I was conducting our monthly Short Range Match at Cedar Ridge Range in San Antonio, Texas, when I heard a loud pop instead of a bang as a competitor was completing a stage. I looked up and saw the safety officer walking toward me with the shooter who was holding his left hand with blood pouring through his fingers. His pistol was lying on the ground where it had fallen from his hand.
The shooter's pistol had failed to go into battery, and the shooter had aggressively hit the back of the slide with his left palm in an attempt to clear the stoppage. As he did this, the fingers of his left hand went forward over the top of the slide just as the round detonated in the open ejection port.
Fragments of brass severely cut his left index and middle fingers. After examining the shooter's injured left hand, a doctor at the scene determined he was not seriously injured and only had some bloody, but not serious cuts.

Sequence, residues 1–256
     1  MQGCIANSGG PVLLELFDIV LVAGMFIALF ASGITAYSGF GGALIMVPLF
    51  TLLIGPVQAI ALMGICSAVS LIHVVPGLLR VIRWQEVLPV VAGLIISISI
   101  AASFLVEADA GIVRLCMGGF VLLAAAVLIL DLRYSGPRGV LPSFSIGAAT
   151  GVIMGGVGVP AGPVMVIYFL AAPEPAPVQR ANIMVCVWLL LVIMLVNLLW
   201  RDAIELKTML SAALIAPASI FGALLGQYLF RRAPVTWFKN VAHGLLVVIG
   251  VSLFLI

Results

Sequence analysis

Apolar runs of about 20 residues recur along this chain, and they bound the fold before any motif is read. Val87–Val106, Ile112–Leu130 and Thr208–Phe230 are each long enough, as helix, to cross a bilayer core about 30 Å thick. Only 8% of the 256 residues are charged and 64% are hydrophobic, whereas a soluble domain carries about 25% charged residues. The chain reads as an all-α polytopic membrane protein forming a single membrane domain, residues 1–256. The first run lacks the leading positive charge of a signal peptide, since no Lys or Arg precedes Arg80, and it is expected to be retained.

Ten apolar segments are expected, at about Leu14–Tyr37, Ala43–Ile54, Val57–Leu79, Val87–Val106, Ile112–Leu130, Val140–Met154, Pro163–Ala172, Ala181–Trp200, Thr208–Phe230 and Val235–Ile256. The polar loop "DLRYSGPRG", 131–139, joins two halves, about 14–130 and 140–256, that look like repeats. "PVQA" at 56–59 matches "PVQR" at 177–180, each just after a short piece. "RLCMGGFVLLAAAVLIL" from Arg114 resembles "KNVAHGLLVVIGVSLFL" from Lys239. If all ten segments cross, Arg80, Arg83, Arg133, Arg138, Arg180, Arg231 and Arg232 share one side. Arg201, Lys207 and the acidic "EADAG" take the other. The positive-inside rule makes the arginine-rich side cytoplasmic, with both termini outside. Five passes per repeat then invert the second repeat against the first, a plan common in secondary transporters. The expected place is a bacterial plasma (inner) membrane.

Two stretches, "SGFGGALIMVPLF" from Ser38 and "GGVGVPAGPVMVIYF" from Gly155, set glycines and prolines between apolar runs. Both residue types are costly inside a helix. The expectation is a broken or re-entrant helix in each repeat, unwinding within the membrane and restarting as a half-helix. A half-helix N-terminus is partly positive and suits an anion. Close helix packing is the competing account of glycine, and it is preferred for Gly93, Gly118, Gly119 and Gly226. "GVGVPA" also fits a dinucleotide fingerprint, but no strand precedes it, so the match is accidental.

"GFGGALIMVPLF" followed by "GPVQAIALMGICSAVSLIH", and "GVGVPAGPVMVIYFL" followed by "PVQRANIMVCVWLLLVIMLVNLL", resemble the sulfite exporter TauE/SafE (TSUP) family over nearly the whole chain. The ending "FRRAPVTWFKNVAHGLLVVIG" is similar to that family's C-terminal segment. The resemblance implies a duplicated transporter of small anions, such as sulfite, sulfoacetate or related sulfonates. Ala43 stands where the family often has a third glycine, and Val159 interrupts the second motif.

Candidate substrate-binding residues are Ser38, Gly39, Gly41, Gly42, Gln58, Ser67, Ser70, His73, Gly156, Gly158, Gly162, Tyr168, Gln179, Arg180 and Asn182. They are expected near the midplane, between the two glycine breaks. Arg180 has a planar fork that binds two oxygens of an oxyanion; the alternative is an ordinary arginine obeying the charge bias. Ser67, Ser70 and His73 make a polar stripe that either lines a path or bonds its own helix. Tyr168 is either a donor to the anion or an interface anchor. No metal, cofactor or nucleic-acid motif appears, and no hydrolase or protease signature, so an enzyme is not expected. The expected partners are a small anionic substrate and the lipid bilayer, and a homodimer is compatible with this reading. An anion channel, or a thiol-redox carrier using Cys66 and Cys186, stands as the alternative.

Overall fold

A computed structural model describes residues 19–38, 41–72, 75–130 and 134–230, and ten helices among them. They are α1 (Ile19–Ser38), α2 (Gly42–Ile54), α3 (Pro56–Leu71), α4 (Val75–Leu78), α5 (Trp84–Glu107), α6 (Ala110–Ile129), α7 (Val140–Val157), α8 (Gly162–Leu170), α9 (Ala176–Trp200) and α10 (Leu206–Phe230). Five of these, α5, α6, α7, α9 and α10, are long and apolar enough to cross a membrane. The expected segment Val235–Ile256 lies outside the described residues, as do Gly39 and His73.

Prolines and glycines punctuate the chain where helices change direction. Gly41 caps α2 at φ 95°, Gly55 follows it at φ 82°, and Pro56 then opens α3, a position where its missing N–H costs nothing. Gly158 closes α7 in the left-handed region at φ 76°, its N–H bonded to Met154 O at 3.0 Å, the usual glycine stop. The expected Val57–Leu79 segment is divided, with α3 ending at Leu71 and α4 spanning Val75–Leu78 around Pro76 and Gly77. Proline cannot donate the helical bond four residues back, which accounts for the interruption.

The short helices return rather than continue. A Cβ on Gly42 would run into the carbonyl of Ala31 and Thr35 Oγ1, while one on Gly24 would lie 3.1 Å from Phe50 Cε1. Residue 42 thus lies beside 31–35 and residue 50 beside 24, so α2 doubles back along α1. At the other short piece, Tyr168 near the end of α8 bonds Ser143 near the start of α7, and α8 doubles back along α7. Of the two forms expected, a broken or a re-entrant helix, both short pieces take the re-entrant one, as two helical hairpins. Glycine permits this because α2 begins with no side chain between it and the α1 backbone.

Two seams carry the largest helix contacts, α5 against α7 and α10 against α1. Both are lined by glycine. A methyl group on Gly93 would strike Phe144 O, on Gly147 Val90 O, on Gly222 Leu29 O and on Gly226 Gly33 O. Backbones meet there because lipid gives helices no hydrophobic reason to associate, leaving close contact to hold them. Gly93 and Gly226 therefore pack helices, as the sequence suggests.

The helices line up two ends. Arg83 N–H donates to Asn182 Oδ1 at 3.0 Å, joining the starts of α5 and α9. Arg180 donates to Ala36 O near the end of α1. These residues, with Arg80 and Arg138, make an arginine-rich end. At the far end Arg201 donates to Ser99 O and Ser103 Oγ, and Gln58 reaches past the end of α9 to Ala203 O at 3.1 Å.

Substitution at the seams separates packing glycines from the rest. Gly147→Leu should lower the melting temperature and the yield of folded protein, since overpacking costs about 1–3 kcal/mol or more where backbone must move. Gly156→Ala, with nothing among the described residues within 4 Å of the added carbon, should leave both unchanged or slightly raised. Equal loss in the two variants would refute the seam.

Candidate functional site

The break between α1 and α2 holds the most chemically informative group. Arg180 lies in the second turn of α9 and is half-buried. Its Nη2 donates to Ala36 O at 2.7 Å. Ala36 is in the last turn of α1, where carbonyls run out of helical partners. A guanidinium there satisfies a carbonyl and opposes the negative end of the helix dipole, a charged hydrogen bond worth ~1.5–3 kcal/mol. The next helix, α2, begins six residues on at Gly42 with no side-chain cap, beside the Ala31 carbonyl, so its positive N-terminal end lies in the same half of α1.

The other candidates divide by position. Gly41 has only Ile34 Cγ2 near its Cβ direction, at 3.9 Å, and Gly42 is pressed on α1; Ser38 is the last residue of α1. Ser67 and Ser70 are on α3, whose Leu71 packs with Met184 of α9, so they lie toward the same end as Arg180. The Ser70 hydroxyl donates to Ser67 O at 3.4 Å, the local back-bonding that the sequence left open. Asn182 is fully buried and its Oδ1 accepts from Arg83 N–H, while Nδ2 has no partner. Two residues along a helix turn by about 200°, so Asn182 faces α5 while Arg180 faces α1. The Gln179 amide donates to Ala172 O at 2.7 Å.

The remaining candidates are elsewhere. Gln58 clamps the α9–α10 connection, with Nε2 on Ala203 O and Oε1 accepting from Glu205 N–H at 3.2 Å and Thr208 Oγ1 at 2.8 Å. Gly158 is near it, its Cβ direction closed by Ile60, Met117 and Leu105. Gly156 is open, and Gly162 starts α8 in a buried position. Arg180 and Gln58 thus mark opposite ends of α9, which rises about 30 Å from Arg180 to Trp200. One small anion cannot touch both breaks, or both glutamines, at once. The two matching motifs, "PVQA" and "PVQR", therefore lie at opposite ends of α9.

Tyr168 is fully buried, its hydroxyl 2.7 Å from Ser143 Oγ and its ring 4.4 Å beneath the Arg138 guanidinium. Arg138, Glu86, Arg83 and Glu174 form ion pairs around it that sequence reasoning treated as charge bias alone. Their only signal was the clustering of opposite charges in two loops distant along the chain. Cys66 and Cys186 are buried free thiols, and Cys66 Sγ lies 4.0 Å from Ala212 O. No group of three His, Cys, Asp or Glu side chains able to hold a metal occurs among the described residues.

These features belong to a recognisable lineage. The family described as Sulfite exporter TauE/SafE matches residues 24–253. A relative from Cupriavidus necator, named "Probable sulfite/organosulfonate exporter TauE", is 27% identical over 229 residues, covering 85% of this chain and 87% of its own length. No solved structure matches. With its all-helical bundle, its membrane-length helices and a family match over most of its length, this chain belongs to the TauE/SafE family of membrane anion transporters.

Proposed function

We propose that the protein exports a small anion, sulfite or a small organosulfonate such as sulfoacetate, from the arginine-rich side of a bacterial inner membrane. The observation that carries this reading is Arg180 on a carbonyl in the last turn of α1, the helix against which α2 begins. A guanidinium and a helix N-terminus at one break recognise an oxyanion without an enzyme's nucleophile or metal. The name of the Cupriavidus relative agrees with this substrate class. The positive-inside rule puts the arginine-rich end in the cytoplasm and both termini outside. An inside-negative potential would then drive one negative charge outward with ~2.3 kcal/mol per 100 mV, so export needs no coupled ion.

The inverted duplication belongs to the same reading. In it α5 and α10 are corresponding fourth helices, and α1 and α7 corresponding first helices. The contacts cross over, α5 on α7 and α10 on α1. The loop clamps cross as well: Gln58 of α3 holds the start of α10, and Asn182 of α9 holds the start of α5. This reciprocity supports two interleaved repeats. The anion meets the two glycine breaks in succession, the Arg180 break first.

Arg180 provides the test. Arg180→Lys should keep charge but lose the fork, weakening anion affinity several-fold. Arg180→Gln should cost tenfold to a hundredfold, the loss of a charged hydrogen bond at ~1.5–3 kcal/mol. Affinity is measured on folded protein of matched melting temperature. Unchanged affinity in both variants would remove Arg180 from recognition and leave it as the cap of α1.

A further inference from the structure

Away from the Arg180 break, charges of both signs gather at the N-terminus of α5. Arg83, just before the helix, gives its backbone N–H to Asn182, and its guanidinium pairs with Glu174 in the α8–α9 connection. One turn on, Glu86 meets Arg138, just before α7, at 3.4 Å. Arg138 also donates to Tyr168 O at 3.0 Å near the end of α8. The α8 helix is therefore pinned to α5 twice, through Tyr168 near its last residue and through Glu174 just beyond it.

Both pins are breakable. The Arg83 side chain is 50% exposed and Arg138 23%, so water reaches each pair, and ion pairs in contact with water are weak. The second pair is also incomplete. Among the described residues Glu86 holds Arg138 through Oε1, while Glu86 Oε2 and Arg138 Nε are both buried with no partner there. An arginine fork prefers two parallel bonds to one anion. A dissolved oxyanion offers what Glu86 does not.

When we retrieved and examined the pistol, we realized the remains of the detonated round were still in the ejection port. It was apparent that the round had nosedived into the feed ramp and, in doing so, it literally positioned the primer exactly over the extractor. When the shooter slammed the slide forward with his left hand, the extractor crushed the primer causing the 9mm round to detonate.
In my classes, I teach the proper response to a click instead of a bang is to tap the magazine and rack the slide — tap rack. This will often clear the malfunction. If it does not, the proper response is to lock the slide back, aggressively strip the magazine out, then reload the pistol.
If it does not fire after reloading, you probably have a broken pistol that's not going to be fixed easily on the spot. If you are under fire, the proper response at that point is to aggressively depart the area or take other necessary action.